The job interview is a key gatekeeping site where the tension between institutional standards and diversity is most evident. Despite equal opportunity policies, the linguistic demands of the interview are more likely to exclude migrants from work in the higher tier labour market. The selection interview creates a linguistic penalty against certain migrant groups and this is well illustrated in the problem of foreign work experience (FWE), its recognition or not, the limitations of its use and the additional communicative demands it creates. Using examples taken from a data base of 61 video- recorded UK interviews for low-paid jobs, this paper shows the discursive regimes that position migrant applicants as less capable within the competence-based interview. FWE can be dismissed by interviewers or, where it is accepted, requires additional linguistic and interactional work to manage the extra contextual and equivalences burden. The unfamiliarity or assumed irrelevance of FWE is brought into the interview, and its power to distance and ‘other’ candidates of migrant background is brought about interactionally as candidates’ linguistic resources in defending it are made vulnerable under the interviewers’ gaze. By contrast, British born candidates, whatever their social identity, can use their local work experience to tell stories that fit with the competency framework. The language of job interviews contributes to the production of inequality and also masks the contradiction between apparent fairness and unequal outcomes.

Keywords: job interview, competency, foreign work experience, linguistic penalty, discursive regimes

From multilingual classification to translingual ontology: concluding commentary
by David Parkin
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Abstract and Keywords

This paper presents extensive commentaries and reflections on most of the papers in this special issue (with the exception of Arnaut’s contribution) as well as in the previous Language and Superdiversities special issue (Diversities 13/2). The papers of David Parkin and Karel Arnaut are both attempts to device new frames of reference for the sociolinguistic study of super-diversity. Here Parkin argues that the use of semiotic resources does not unambiguously classify social strata and ethnic groups but creates and draws from communicative outlines that cut across them and blur their contours. This has two consequences. One is that contemporary polylanguaging is an ontological act on the part of speakers to empower themselves or to project a desired or appropriate personal image, perhaps in accordance with some kind of network membership but not tied to a domain or topic in the broader sense given above. The other is that this creation of identity is through semiotic stylisation, which by nonstandard means projects new identities or reinforces existing ones.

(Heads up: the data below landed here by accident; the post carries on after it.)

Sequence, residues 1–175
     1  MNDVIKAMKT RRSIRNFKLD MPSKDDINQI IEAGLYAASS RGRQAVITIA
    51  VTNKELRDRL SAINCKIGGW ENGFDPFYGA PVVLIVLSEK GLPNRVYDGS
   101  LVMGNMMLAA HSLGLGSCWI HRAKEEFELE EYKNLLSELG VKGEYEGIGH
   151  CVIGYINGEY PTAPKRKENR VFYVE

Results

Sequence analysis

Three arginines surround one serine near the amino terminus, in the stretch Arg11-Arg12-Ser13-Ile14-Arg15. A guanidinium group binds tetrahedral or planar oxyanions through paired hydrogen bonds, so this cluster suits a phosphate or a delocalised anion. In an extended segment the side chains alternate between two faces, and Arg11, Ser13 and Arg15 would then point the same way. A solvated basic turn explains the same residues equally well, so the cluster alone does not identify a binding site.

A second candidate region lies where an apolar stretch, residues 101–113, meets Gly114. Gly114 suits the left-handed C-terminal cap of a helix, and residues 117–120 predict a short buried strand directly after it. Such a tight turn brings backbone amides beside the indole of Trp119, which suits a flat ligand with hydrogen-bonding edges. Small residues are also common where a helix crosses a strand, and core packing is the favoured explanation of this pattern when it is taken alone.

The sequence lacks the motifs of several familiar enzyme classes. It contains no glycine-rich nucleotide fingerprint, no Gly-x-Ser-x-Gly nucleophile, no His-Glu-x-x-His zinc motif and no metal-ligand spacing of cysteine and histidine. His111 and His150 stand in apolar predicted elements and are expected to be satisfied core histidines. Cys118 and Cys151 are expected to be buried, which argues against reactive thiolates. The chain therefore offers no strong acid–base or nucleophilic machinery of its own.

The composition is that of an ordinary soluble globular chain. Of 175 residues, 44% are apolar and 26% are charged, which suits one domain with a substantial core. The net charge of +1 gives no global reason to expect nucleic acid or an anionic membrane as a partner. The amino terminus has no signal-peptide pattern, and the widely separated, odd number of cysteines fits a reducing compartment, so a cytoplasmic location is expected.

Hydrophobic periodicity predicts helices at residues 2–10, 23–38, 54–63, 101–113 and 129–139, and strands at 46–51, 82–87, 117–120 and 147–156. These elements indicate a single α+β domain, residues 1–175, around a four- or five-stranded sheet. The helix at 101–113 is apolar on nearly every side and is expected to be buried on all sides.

Open forum

Engendering indigenous Mexican migration into the United States. A case of study of the Yalálag Zapotec Women
by Adriana Cruz-Manjarrez
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Abstract and Keywords

Over the last three decades, a significant number of studies of Mexican migration to the United States have examined the significance of gender in structuring migration and the ways in which migration has transformed the lives of immigrant women. In this article, I expand this research by focusing on the effects of immigration on gender as it relates to the experience of indigenous Mexican women in the United States. I concentrate on these women’s experiences in relation to the situation of indigenous immigrant men and assess how immigration affects their gendered perceptions and social locations in their families, marriages, and home community in Mexico and the United States. I argue that after 50 years of Yalálag Zapotec migration to the United States, migration has been at the intersection of multiple changes in gender relations across two generations of Yalálag Zapotec immigrant women, who see and experience migration as a form of liberation. Further, I wish to demonstrate that the migration experiences of these immigrant women have impacted the lives of non-immigrant women at home.

Keywords: Indigenous Mexican migrants, transnationalism, gender, family, marriage

Practising Fractal Shi’i Identities through Muharram Rituals in Mumbai
by Reza Masoudi Nejad
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Abstract and Keywords

This article explains the Shi’a-Muslims in Mumbai as a fractal society, a social organisation constituted of numerous social segments, each with its own shape and structure. As a result, this article refers to Shi’i identities, not one single Shi’i identity. In particular, the discussion explores how the fractal organisation of Shi’a society and diverse Shi’i identities are practised through Muharram rituals. This paper shows that each Shi’a community has invented and reinvented its identity over time through Muharram rituals, and that Mumbai as a cosmopolitan city has intensified the need for the reinvention of identities.